Home » A year in review: 2017 Hopkins County Livestock and Forage Education by Mario Villarino

A year in review: 2017 Hopkins County Livestock and Forage Education by Mario Villarino



A year in review: 2017 Hopkins County Livestock and Forage Education

Is this time of the year when Texas A&M AgriLife Extension Services at Hopkins County Extension Office interprets with Hopkins County residents the different activities conducted by their agents and support volunteers. I would like to share with you the specific plan related to Livestock Production today.


2017 Hopkins County Livestock and Forage Education (Tours, Trainings and Field Days)

Developed by Dr. Mario A. Villarino, County Extension Agent for Agriculture and Natural Resources

Hopkins County, Texas

Relevance: Livestock and forage production is a 3.96 billion dollar industry in the Central Region. Livestock and forage enterprises are affected by climate and market variability. Hopkins County currently has more than 100,000 head of cattle with 27,000 head of dairy cattle. Due to environmental requirements of federal and state authorities, Hopkins Count y dairy operators must maintain environmental requirement s for operation. This plan will collaborate with diary (Dairy Farmers of America, Southwest Dairy Museum) and beef organizations (NETBIO) to determine and conduct educational efforts needed for the successful operation of livestock farms and ranches. Hopkins County livestock and forage producers and related agribusinesses effectively evaluated and adopted research-based technology applications and best management practices for sustainable and profitable livestock management systems presented in this plan. Livestock producers improved their knowledge of production and management systems to improve quality, profitability, and sustainability. This plan had the goal of providing educational experiences to 350 beef / hay producers, 150 private applicators, 60 dairy producers and 60 landowners/ranchers seeking private applicator accreditation.


  • Hay Clinic (with Holt)(4/6/2017-65 participants).
  • 4 Private Applicator Trainings (New Applicants)(2/15, 5/17, 8/16, 11/29).
  • 2 Result Demonstration (Use of bio-solids in forage/hay production).
  • Hopkins County Hay Show (with Professional Ag Workers, 10/5/2017).
  • Beef Day NETBIO (10/6/2017)(220 educational session, 160 cooking team members, 2,600 concert attendees).
  • 2017 Diary Outreach Training (10/25/2017, 35 participants).
  • 2017 Private Applicator CEU (11/1/2017, 93 participants) (Partially supported by NETBIO).
  • 3 Newsletters (5/6, 9/15, 11/6) (270 each).
  • 12 forage/beef related newspaper articles.
  • 4 Program Area Committee Planning Meetings (NETBIO)(Quarterly).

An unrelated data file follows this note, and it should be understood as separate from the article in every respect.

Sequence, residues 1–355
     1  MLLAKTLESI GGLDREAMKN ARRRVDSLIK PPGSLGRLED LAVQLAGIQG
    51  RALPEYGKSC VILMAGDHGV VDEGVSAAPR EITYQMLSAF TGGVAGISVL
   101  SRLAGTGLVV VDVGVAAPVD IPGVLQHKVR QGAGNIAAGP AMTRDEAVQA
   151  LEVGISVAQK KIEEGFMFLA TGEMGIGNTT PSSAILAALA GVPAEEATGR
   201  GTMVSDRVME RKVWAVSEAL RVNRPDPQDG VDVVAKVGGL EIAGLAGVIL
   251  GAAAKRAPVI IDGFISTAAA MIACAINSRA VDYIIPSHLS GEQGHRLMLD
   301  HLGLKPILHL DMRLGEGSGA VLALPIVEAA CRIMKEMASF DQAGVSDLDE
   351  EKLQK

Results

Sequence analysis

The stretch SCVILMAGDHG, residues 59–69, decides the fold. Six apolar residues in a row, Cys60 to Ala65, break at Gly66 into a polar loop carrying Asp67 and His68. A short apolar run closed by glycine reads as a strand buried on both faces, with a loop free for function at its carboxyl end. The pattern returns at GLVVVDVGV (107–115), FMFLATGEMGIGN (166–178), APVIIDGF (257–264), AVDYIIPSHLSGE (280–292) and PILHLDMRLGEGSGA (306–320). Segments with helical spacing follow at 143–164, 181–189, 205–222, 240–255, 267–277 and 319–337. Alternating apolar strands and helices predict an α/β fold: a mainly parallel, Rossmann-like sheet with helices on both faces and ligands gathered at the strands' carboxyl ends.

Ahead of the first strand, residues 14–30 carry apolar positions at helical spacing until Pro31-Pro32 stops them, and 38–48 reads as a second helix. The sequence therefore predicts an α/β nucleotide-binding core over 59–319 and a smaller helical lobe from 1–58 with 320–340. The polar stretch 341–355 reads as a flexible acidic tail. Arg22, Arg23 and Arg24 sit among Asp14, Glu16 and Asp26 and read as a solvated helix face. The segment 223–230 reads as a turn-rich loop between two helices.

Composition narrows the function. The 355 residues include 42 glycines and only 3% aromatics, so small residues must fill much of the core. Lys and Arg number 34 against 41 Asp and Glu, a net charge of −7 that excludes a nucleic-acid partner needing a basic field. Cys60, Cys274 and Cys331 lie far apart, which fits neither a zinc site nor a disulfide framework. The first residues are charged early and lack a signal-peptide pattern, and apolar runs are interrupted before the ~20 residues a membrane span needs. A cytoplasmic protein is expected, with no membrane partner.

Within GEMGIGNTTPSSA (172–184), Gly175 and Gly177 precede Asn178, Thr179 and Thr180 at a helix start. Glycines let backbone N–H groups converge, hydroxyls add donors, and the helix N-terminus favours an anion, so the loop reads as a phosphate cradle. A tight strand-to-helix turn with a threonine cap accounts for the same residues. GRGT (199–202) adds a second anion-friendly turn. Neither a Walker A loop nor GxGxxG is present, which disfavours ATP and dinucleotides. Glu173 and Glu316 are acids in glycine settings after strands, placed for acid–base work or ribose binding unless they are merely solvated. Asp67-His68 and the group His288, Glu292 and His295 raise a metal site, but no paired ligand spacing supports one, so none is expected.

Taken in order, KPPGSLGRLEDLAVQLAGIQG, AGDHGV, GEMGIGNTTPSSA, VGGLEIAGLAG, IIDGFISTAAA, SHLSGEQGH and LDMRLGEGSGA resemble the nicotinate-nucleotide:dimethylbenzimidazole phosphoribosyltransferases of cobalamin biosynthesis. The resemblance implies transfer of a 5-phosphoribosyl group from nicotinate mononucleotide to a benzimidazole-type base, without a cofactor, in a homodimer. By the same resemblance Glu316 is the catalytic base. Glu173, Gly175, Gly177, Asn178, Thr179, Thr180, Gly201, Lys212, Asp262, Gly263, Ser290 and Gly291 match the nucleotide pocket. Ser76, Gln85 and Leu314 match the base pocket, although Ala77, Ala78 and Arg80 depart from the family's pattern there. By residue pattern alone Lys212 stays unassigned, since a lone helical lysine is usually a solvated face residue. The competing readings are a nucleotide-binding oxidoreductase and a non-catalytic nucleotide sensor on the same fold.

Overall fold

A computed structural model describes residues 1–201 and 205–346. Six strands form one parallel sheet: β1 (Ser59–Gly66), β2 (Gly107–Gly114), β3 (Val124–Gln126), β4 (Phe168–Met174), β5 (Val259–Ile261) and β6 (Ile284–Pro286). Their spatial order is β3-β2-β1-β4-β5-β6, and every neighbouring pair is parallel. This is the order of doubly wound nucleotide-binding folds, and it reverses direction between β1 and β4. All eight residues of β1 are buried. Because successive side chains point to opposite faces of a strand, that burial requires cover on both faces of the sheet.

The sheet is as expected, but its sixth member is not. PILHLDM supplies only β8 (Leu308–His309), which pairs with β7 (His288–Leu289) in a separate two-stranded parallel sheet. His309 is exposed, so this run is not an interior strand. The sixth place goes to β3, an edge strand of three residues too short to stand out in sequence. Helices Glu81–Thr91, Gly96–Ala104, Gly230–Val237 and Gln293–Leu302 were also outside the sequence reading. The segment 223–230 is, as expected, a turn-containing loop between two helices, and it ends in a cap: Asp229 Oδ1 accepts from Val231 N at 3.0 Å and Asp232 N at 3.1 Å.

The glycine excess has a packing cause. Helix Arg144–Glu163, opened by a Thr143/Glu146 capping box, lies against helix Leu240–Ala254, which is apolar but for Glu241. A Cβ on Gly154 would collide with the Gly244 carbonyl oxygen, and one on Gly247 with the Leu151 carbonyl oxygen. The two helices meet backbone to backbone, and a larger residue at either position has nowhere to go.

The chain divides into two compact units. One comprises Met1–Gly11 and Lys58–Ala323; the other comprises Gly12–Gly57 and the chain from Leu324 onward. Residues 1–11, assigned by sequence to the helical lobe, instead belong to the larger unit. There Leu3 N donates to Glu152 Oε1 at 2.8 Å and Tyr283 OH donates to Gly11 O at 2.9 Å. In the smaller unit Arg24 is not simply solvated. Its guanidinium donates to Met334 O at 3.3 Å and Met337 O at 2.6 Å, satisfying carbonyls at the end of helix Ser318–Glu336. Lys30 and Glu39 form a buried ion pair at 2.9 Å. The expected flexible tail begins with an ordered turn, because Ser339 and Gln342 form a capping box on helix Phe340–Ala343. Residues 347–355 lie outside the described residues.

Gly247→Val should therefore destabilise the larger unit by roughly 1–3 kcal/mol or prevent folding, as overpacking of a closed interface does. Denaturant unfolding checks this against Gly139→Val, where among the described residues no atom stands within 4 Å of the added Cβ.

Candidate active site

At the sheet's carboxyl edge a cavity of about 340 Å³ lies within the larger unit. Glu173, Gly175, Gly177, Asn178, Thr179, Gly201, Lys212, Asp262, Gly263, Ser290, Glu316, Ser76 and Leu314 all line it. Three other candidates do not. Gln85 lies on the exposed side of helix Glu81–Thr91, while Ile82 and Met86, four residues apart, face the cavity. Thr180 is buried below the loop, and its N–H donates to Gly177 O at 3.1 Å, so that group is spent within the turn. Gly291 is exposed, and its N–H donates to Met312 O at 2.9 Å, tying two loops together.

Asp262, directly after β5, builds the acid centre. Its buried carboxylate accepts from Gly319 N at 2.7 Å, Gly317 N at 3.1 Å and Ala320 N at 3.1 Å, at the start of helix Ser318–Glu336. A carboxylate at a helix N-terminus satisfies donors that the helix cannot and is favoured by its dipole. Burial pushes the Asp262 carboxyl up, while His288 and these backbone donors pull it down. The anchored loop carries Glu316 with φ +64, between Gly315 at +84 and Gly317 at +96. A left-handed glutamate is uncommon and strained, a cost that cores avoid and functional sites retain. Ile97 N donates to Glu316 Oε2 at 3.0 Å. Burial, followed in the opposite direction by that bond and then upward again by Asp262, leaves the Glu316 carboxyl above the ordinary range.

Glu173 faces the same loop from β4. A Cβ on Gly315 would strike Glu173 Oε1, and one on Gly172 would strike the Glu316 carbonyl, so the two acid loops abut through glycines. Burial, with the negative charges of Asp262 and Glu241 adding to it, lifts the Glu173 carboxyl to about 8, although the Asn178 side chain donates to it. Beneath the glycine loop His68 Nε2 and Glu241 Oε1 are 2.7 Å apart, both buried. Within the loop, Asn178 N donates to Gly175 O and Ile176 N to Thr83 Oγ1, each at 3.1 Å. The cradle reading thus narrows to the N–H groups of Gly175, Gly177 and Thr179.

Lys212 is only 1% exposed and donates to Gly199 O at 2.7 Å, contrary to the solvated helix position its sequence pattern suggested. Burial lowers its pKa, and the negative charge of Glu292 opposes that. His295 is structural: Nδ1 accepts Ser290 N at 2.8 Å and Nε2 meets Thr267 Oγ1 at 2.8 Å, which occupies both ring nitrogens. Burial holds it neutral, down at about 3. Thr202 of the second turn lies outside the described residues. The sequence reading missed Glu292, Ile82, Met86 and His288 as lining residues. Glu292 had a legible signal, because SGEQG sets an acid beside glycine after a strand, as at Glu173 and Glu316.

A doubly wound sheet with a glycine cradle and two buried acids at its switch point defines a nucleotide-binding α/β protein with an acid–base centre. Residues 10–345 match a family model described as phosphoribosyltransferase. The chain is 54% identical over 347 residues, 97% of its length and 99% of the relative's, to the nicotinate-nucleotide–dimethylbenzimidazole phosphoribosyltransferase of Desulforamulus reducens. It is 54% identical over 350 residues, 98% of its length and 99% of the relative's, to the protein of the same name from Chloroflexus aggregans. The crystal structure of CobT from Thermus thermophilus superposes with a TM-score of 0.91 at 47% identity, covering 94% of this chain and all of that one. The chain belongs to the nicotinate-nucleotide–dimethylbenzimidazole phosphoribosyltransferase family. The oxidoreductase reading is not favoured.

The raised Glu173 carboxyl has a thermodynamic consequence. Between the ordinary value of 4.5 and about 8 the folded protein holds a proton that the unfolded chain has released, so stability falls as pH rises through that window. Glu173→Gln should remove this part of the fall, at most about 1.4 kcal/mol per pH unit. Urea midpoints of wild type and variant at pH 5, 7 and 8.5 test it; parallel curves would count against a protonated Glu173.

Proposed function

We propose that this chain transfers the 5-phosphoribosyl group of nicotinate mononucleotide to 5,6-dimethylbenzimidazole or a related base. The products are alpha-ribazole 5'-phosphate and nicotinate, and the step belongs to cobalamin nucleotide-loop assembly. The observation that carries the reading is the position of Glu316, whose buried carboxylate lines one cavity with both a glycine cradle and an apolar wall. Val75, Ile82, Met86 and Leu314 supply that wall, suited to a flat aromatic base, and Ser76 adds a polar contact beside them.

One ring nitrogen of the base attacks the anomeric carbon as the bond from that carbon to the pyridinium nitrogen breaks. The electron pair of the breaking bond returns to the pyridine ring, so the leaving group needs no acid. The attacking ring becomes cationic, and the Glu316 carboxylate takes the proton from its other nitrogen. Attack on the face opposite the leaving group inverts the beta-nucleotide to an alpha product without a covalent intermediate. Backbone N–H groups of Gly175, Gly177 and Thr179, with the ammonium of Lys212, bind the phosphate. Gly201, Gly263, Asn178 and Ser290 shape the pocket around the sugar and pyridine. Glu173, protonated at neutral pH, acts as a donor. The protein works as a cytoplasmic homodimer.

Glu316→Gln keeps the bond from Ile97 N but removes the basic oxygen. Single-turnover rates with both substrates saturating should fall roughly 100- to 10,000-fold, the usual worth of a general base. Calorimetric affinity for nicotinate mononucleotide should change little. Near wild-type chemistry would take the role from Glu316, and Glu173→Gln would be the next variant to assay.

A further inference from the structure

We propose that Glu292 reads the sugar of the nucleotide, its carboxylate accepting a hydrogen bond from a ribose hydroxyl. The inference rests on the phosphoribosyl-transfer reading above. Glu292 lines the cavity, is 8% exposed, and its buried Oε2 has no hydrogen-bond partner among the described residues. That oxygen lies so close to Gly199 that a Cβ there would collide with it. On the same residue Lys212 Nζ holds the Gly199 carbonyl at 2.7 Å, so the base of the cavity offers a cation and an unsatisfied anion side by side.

• 8 Taskforce meetings (Beef Day).
  • Plan interpretation (Volunteers 11/9, Commissioner’s Court 11/27, and mass media 12/5).


Results: The Beef Program Area Committee (NETBIO) indicated the need of addressing consumer awareness of benefits of the beef industry as a priority for 2017. As a result, a program plan was created to provide forage and beef production (Hay Clinic, Hay Show, Newsletters, Private Applicator Trainings) and consumer awareness (Beef Day) that included a beef production awareness program (hosted at the Hopkins County Court House with 210 participants), a meat quality awareness component (Ribeye cook-off at the square with 160 cooking team members) and a public musical concert (2,600 attendees, 4 major sponsors) by Stoney Larue. The planning committee vision during 2017 was to provide an educational-entertaining model to promote beef, demonstrate attributes of beef as a culinary resource and to indicate the importance of local beef markets in the county economy. A series of evaluations (anecdotal (Facebook), direct interviews and electronic post evaluations) were conducted according to each event.


  • My first time to this event. Had an awesome time! (Beef Day) (2,115 likes in Facebook).
  • The steaks were delicious, friendly people. Everyone did a great job (Beef Day) (Facebook).
  • Understanding of laws and regulations was excellent (21%) and good (62.75%) (PAT CEU, 51 participants).
  • Understanding of weed management was excellent (54%) and good (40%) (PAT CEU, 51 participants).
  • 53% (29/54) of the attendees indicated the information related to weed management of hay was excellent (PAT CEU).
  • 63% (45/71) of attendees considered the information related to pollinators was excellent (PAT CEU).
  • 37% (20/54) of attendees considered the information related to pond weed control was excellent (PAT CEU).
  • 60% (38/63) of the attendees indicated the program overall was excellent (PAT CEU).
  • 90% (59/65) of attendees will benefit economically of the learned topics (PAT CEU).
  • 93% (59/63) of the attendees considered the information provided by Extension to be good or excellent (PAT CEU).

For more information on this or any other agricultural topic, please contact the Hopkins County Extension Office at 903-885-3443 or email me at m-villarino@tamu.edu.





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